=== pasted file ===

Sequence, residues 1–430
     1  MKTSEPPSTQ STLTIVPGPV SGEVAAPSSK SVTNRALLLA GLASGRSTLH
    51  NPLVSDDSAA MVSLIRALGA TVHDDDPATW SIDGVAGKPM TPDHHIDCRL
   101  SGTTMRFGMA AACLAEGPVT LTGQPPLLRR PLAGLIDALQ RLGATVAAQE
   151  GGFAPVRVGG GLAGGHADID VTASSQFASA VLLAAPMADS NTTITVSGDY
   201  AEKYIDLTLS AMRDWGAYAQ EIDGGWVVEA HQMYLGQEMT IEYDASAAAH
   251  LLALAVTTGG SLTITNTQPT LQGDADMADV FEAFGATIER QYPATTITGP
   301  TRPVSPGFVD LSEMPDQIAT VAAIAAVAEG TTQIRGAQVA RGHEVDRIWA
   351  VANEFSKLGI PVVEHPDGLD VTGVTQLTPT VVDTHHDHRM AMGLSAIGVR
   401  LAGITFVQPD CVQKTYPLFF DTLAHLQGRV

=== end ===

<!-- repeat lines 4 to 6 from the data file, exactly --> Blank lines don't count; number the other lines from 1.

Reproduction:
   101  SGTTMRFGMA AACLAEGPVT LTGQPPLLRR PLAGLIDALQ RLGATVAAQE
   151  GGFAPVRVGG GLAGGHADID VTASSQFASA VLLAAPMADS NTTITVSGDY
   201  AEKYIDLTLS AMRDWGAYAQ EIDGGWVVEA HQMYLGQEMT IEYDASAAAH